Arriving in the 1870s, the religious group immigrated to Manitoba to practice their pacifist faith in peace. But by not joining the WWI effort, they also lost the vote
Living according to their spiritual beliefs was essential for the Mennonites. Unhappy and under duress in their European and Russian homelands, they searched for a place where they could live in peace. At the same time, a young Canada was looking for prairie settlers, people who would create farms, build homes, raise children and become part of the new country’s fabric. The Canadian government promised the Mennonites that they could have their own communities, educate their children in their own schools and, since they were pacifists against violence and war, would be exempt from any military duties.
It was a long trip for the first 300 pioneer families. First was the ocean voyage by ship from Russia, more trips by boat, then cross country to the “reserve” south of Fort Garry, later named Winnipeg. Fifteen hundred men, women and children made the trek to their new homeland, finding, as the Manitoba Historical Society said, “eight townships of bush, swamp and some dry prairie land located east of the Red River… .” Over the next few years, settlers arrived by the thousands, purchasing additional blocks of land and establishing more townships in southern Manitoba. (Other early settlers had arrived in Ontario in the late 1700s from Pennsylvania, establishing communities mainly in what is now the Hamilton vicinity.)
Settlers used what was seen as poor soil to their advantage
“The ‘West Reserve’, as it came to be called was, according to one authority, ‘really the first permanent agricultural settlement ever established in the open prairies of western Canada without direct access to a major body or current of water,’” the Manitoba Historical Site noted. The Mennonite choice of acreage, seemingly poor to other settlers with its swampy, bushy quality, turned out to be green and productive for agriculture.
The Mennonites were capable settlers, constructing villages such as Blumenort, Rosenort, Reinland and Steinbach. Through sheer hard labour, they built sturdy first homes called “semlin”, using hay or straw to thatch thick, durable roofs and walls of mud and sticks. Bread was baked in outdoor ovens, clothing was crafted by hand and inside, homes painted in warm colours of lilac, red and gray were lit by candle. School classes taught their native tongue of German, and health matters were handled by local mid-wives and bone-setters. Later, log homes were built to withstand the prairie weather.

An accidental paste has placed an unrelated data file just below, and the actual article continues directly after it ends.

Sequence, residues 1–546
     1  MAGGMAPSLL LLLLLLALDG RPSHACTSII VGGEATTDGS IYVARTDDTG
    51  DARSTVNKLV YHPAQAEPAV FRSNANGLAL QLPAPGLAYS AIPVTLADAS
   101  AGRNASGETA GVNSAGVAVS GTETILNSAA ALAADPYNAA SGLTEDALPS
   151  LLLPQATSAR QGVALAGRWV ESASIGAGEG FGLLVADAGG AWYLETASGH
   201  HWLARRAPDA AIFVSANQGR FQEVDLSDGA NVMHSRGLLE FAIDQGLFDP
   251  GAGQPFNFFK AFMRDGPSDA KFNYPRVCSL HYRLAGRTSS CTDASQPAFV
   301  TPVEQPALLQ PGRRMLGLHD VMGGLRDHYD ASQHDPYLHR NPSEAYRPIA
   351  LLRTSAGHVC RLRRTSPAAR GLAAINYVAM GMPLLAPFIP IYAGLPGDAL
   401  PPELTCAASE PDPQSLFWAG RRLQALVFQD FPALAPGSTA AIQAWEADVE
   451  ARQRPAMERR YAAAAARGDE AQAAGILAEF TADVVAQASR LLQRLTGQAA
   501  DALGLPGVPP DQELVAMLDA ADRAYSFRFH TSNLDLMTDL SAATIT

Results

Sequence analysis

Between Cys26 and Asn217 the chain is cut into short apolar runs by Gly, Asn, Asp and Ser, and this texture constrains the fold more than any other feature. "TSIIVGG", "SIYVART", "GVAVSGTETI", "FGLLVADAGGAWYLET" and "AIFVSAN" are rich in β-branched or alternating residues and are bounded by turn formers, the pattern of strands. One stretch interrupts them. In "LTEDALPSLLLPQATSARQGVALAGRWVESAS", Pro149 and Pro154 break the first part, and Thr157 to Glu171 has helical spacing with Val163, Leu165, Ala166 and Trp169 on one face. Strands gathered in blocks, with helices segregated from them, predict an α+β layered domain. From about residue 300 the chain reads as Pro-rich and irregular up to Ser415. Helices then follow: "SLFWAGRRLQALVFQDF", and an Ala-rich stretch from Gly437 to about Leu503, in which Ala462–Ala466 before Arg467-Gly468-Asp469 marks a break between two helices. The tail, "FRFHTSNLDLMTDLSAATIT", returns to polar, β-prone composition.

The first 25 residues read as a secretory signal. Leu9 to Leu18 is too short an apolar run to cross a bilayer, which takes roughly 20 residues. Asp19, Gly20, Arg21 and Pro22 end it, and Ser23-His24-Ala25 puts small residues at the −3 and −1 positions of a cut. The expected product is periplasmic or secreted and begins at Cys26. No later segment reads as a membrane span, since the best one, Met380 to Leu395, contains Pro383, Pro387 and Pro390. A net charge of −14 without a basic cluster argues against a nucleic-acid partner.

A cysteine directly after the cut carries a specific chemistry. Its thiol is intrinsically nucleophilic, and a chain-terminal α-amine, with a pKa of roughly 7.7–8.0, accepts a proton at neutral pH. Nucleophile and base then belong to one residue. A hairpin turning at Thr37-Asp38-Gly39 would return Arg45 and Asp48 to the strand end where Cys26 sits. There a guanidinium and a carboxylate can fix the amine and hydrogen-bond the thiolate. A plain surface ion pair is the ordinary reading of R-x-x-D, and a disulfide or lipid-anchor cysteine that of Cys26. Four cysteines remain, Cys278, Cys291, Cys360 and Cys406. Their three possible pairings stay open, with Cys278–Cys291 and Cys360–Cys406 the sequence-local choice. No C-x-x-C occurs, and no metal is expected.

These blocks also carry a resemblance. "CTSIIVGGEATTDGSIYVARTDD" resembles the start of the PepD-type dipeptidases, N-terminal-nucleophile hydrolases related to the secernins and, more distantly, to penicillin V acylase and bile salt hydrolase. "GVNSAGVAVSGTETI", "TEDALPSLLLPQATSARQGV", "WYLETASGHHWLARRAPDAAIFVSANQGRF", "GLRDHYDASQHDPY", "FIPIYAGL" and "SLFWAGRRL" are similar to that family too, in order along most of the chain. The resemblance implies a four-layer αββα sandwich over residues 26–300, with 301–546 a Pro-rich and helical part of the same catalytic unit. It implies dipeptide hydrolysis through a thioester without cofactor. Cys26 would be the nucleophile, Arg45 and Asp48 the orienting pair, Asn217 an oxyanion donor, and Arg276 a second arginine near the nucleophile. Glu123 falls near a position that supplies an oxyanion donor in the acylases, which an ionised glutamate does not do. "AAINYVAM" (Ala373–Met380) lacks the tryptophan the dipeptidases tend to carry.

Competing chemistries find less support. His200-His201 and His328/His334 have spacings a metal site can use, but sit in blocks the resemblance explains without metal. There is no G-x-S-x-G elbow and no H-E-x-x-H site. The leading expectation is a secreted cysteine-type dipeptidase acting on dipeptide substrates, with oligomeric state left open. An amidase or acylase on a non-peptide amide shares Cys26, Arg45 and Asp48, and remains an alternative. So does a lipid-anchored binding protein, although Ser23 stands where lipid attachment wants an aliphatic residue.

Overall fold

Well-organized, it seems towns were set up with firm government structures, using village assemblies, mayors, fire marshals, head farmers and an “oberschultze” who oversaw the whole district of villages. All residents were part of the community activities, sharing time and responsibilities equally.
The Canadian government took away the vote in World War One
But, while the Canadian government kept their bargain about land and peaceful worship in their own religion, they reneged on military duties in WWI. The Mennonites objected and were punished for refusing to fight by having the vote taken from them in the Wartime Elections Act in 1917. It was feared, noted historica.ca, that they “might use the franchise to vote against conscription.” The vote was returned to the Mennonite-Canadians in 1920, and they were again able to live their beliefs in peace.
Other groups also came to Canada about the same time: the Hutterites and the Doukhobors. Settling mainly in British Columbia, they also lost the vote for their pacifist beliefs. Regaining it in 1920, the vote was taken from the Doukhobors a second time for their strong resistance and not returned until 1956.
The Mennonite religion was established in Europe by Menno Simons in the 1500s. He was a Dutch priest who lead a rebellion in his church, eventually splintering off into the Anabaptist movement. (Anabaptist means “re-baptizing”.) Simons’ writings, noted the Menno Simon College, “reinforces the key elements of Anabaptism: complete discipleship, a strong sense of community and an absolute rejection of violence to solve problems in the church or society.”
This article first appeared on Suite101.com in 2007. Copyright Susanna McLeod